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Appropriate Fire Management

Adaptation Pathway

Every year large areas of Cape York Peninsula burn at the wrong time, affecting the health and function of the landscape. Many vegetation types burn too hot, and some of these places should instead be protected from fire. The impacts of ongoing poor fire management in Cape York are not well understood. This adaptation pathway identifies actions that work toward improving governance of fire management on Cape York. The pathway brings together organisations and land managers of geographical clusters to work together across landscapes. The actions will connect people to exchange knowledge, collate information and data, develop technical resources, provide on-ground resources and provide training in implementing and monitoring of fire.

This will occur by supporting both western and Indigenous fire knowledge holders and practitioners to improve implementation of contemporary fire practice.

How was it identified

Poor fire management practices are a well-known issue on Cape York. Cape York NRM identified this as a key pathway through listening to the community's big concerns via long-term engagement, development of the regional investment strategy, experience in implementing landscape scale fire projects and years of delivering the Indigenous Fire Workshop.

Cape York NRM analysed the past 15 years of fire history on Cape York in addition to previous and current fire projects and research papers. This analysis has been further informed by partnerships with Traditional owners, scientists and technical experts as well as discussions with research bodies and Government organisations implementing and developing the savannah burning methodology. Cape York NRM have been developing monitoring tools with Cape York NRM’s regional delivery partners, developing and sharing resources with land managers, undertaking case studies, meeting with Carbon businesses and working with land managers implementing fire projects.

Fire is a critical factor in the context of climate change impacts on Cape York, as discussed by the regional climate reports.






  • Conduct workshops and engagement to identify values, aspirations, knowledge and methods across the landscape.

  • Collate surveys and quotes from interviews at events such as the Indigenous Fire Workshop.

  • Support the North Australia Fire Information service to monitor fire by satellite.

  • Map and categorise vegetation into fire types.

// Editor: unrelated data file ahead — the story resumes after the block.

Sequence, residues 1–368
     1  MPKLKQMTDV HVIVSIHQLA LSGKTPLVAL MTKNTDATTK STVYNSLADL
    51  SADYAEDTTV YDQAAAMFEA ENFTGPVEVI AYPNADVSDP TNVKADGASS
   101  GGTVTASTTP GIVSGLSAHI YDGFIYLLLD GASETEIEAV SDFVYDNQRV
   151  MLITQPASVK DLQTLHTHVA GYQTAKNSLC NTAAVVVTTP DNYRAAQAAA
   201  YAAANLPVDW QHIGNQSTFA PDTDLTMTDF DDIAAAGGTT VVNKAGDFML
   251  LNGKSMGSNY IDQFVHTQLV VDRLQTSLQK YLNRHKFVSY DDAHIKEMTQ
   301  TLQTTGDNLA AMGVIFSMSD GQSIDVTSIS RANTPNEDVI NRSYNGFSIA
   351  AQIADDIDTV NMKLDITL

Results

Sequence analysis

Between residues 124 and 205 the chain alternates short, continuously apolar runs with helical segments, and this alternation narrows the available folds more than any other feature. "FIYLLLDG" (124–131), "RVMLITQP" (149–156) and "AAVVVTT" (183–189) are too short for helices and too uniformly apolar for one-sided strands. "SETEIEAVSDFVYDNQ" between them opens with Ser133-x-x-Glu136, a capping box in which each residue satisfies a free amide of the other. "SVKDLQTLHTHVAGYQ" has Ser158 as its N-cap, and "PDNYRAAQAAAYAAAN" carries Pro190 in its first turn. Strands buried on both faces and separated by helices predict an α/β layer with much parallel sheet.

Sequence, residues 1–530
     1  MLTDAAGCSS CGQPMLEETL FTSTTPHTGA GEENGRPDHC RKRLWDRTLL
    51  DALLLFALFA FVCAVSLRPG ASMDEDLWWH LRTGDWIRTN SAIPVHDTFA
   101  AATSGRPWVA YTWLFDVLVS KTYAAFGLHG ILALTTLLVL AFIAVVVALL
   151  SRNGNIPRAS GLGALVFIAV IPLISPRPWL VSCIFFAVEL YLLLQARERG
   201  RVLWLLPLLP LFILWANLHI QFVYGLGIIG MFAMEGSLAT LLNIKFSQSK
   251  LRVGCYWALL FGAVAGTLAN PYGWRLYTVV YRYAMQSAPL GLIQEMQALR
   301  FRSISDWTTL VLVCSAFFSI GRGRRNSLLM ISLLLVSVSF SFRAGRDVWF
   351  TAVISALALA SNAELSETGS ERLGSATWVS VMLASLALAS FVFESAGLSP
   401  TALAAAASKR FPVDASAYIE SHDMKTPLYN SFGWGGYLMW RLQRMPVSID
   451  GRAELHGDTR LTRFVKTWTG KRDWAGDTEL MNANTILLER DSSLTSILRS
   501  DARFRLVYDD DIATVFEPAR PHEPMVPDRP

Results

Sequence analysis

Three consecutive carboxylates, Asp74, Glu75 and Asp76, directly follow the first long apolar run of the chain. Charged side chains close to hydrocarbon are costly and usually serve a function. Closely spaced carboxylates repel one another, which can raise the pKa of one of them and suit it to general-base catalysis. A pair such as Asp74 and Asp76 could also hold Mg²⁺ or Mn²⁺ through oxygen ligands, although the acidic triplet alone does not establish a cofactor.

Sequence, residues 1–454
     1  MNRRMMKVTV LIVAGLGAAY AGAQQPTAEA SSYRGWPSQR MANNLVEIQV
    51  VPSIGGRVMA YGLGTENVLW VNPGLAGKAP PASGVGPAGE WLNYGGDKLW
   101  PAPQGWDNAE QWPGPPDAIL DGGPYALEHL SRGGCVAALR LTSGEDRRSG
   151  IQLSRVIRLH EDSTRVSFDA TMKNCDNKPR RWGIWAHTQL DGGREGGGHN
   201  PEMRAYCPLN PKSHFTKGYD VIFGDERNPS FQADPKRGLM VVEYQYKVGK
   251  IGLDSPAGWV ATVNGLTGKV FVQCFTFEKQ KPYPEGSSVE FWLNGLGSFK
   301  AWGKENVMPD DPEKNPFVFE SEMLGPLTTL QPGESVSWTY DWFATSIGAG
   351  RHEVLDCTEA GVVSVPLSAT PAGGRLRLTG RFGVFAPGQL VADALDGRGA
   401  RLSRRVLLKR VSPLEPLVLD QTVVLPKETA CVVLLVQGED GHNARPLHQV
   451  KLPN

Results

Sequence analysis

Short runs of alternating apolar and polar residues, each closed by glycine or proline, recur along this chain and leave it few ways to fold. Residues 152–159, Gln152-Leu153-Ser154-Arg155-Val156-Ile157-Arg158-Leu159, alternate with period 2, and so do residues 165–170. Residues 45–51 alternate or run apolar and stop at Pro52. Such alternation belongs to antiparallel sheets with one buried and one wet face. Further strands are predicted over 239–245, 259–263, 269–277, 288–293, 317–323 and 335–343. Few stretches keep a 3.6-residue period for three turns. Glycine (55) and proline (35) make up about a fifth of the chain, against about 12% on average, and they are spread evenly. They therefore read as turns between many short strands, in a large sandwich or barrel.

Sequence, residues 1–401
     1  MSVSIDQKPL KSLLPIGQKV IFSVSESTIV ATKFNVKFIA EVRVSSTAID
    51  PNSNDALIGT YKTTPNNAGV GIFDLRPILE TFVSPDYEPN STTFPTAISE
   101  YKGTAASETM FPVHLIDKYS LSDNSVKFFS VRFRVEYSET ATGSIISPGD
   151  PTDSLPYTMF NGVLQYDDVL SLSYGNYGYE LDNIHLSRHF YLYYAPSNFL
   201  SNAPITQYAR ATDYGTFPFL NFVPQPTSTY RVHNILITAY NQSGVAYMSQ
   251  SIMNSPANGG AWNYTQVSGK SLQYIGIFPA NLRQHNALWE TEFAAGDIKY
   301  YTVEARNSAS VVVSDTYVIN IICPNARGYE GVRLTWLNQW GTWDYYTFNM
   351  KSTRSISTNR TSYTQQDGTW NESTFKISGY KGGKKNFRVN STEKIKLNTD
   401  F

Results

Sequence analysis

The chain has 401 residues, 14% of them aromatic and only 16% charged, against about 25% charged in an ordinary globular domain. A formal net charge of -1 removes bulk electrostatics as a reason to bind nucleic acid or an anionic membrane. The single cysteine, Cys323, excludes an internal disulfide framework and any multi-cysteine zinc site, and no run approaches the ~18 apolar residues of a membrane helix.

• Improve understanding of impacts of fire management on land condition and water quality

  • Increase on-ground monitoring


  • Facilitate Indigenous-led on-country fire workshops to collectively learn and build on people's techniques and knowledge for appropriate fire management.

  • Trial cluster-based fire management with advice from fire experts, to collectively learn about the effects and impacts of appropriate burning, including savannah burning methodologies through the Carbon Farming Initiative.

  • Conduct training and skills development for appropriate burning and monitoring techniques and tools.

  • Support land managers to plan for and build skills in implementing and monitoring fire management.

  • Support development of skilled fire managers.


  • Develop priorities for management across clusters of properties.

  • Analyse the results of burn trials.

  • Identify key field resources and people to support fire management.

  • Seek information and knowledge on the effects of different fire regimes on ecosystems, including water quality.

Example Monitoring Indicator

  • Monitoring and analysis of fire scar information through NAFI.

  • Increase in on-ground monitoring of ignition and photo-points.

  • Improvements in number of groups communicating fire management programs.

  • Establishment of water quality monitoring sites related to fire management.

  • Increase in resources and tools to support improving fire management.

  • Improved ground cover throughout the year improving land condition and water quality.


  • Using fire to adapt to a changing climate will improve ecosystem resilience and reduce the threats to threatened species.

  • Changing fire patterns is one of the key impacts of climate change.

  • Implementing this pathway fits with people's aspirations and values for Cape York, thus

    facilitating improved coordination.

  • Selecting the most appropriate burning practice for each landscape depends on the value of the

    people involved and the land being managed.

  • Working together will help to develop ecologically and culturally appropriate burning practices

    for the target clusters.

  • Fire is one of the key threats to biodiversity and ecosystem health and key barriers to higher grazing productivity.


  • Carbon sequestration and mitigation through the Carbon Farming Initiative.

  • Integration of fire management with other landscape uses and management activities, such as

    weed control, can lead to multiple outcomes.

  • Positive social outcomes from working together to protect similar values across clusters of


  • Social and cultural benefits and improved knowledge.

  • Benefits of improved land condition and water quality through increased ground cover late in

    the season.


  • Reduction in late season hot fires.
  • Improved biodiversity and ecosystem health.

  • Reduction in risks to properties.

  • Improved grazing land productivity.

  • Improved resilience to climate change.

  • Improved skills and knowledge.

  • Improved collaborations.